ScissorTales: More nonsense from leader of Oklahoma Democratic Party
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We've written recently about the challenges moderate Republicans are facing from the more conservative elements in the party. At the national level, Indiana Sen. Richard Lugar and Utah's Orrin Hatch are perhaps the two best examples. In our state Legislature, some solid Republicans have drawn challenges from opponents who say they're not conservative enough. But this isn't a Republican-only phenomenon. In Pennsylvania, two Blue Dog Democratic incumbents lost their primary races on Super Tuesday to progressive challengers. One of the winners had attacked the incumbent for opposing Obamacare. A fellow Blue Dog is U.S. Rep. Dan Boren, D-Muskogee, who after four terms chose not to seek re-election. It's doubtful the centrist Boren would have lost in a primary, but his prospects in November weren't as rosy.
State Rep. Sally Kern, R-Oklahoma City, has come in for criticism on this page more than once in recent years due to some of her off-base remarks and actions in the House. This time we come not to criticize but to salute her for House Bill 2521, which was signed recently by the governor. The bill redefines free clinics as charitable clinics and, most importantly, limits liability for the doctors and other health care workers who donate their time at those facilities. “This change in statute will ensure health care volunteers are protected from liability in both free and low-cost clinics,” Kern said. Her bill stands to make a positive impact by helping low-income Oklahomans, and won't cost the state anything. Well done.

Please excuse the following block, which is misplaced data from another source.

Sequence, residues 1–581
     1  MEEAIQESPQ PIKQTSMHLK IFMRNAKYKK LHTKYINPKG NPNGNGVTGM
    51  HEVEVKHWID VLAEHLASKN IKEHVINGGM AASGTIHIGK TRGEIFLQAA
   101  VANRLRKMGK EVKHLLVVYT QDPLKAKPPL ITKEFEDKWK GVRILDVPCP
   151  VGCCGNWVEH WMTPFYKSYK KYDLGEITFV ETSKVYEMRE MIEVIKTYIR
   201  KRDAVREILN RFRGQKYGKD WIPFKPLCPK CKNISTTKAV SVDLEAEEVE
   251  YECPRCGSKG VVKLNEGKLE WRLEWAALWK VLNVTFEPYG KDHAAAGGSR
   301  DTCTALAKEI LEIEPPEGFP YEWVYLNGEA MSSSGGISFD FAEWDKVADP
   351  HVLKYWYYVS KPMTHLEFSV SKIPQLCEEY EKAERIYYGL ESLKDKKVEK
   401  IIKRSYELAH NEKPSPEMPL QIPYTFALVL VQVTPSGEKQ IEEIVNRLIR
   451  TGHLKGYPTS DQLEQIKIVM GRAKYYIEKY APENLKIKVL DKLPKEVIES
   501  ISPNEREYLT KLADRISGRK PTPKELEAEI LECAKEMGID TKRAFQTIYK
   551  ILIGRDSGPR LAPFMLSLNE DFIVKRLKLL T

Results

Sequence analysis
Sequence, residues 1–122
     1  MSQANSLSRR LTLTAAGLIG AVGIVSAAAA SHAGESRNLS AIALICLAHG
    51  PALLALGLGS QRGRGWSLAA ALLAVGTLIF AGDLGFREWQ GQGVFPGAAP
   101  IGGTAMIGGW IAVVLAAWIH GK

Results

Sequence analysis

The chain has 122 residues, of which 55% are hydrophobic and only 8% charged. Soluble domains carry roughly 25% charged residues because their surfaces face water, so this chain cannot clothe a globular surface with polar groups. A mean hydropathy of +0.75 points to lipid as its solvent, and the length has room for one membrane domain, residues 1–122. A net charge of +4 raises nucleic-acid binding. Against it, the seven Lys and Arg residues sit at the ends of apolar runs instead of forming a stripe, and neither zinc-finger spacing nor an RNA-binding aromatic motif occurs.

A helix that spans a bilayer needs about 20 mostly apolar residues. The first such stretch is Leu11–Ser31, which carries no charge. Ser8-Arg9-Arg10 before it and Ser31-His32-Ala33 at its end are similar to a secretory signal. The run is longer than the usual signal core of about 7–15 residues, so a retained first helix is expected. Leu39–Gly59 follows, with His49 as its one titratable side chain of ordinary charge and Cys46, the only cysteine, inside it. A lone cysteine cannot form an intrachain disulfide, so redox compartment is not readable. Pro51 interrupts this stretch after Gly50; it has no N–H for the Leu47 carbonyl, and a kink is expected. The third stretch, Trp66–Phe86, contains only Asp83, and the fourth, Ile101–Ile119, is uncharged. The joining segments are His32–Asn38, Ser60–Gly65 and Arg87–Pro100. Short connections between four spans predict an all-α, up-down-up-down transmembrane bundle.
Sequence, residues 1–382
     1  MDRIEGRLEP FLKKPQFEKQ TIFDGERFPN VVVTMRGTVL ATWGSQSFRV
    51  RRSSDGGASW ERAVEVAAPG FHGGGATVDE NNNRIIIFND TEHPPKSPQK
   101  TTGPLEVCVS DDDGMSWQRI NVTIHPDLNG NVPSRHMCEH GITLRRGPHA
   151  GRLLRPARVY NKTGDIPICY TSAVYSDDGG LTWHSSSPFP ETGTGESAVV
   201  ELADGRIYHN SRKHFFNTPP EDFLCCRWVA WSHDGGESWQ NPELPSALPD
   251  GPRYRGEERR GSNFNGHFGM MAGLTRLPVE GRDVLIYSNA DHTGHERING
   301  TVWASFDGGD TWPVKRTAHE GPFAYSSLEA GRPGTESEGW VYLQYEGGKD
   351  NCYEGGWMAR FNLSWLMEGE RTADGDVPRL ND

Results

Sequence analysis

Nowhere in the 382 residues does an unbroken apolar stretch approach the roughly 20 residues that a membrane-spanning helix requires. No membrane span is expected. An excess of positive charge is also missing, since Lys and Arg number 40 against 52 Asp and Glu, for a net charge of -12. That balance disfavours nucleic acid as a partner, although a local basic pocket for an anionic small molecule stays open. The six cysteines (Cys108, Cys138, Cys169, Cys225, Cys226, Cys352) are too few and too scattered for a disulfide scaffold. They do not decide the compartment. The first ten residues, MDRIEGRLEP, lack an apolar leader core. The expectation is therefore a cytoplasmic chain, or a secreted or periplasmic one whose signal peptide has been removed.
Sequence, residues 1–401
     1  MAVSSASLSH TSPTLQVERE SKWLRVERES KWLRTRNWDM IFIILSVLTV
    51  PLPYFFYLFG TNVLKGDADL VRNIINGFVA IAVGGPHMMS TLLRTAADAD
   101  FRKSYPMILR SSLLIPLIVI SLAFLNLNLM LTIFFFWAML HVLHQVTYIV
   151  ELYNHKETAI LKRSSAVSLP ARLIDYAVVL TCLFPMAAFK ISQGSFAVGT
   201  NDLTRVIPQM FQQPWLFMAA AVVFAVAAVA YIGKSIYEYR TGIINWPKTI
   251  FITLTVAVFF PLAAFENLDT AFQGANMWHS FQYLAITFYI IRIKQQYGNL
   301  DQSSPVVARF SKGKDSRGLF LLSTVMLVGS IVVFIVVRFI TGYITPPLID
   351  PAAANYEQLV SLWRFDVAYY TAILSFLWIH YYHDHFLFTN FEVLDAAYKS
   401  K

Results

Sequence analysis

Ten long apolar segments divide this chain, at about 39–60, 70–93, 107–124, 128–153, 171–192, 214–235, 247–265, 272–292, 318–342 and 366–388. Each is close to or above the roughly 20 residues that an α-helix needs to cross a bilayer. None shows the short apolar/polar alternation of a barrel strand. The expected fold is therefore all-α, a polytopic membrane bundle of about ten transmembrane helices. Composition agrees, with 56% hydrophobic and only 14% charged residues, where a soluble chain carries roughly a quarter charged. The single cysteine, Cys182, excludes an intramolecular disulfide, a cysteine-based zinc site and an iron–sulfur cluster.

We can thank the Sierra Club and the Environmental Protection Agency for cleaning up the air by putting so much pressure on utilities to stop making power with coal that coal-fired plants are being “voluntarily” shuttered. Oh, you can also thank them for the higher bills coming your way due to the lack of diversity in the choice of fuels to make electricity. Public Service Co. of Oklahoma, which serves the Tulsa area, is caving on an EPA crackdown on coal-caused emissions. OG&E, which serves Oklahoma City, remains committed to fighting an EPA mandate related to coal plants. Electric bills are going up no matter how this plays out, but does it make sense to shut out an abundant, domestic source of energy? Price aside, diversity seems prudent in this area. Still, Oklahoma may have a net gain from current trends: It has a lot more natural gas than it does coal.
The attorney for one of the candidates claiming victory in this month's contested House District 71 election says time is of the essence in resolving the dispute. Really? The seat has been vacant since December, when former Rep. Dan Sullivan bailed out to become head of the Grand River Dam Authority. Republican Katie Henke and Democrat Dan Arthrell are tussling over who won the April 3 election, which had a razor-thin margin first for Arthrell, then for Henke, and now involves once-missing ballots that could sway the result again. Henke's attorney told the state Supreme Court that voters in the Tulsa-area district need representation during the final month of the session. That's “crunch time” in approving a budget and dealing with other important issues, he said. And he's right. But expecting Henke or Arthrell to be able to get up to speed and really contribute to that pro-cess is a stretch.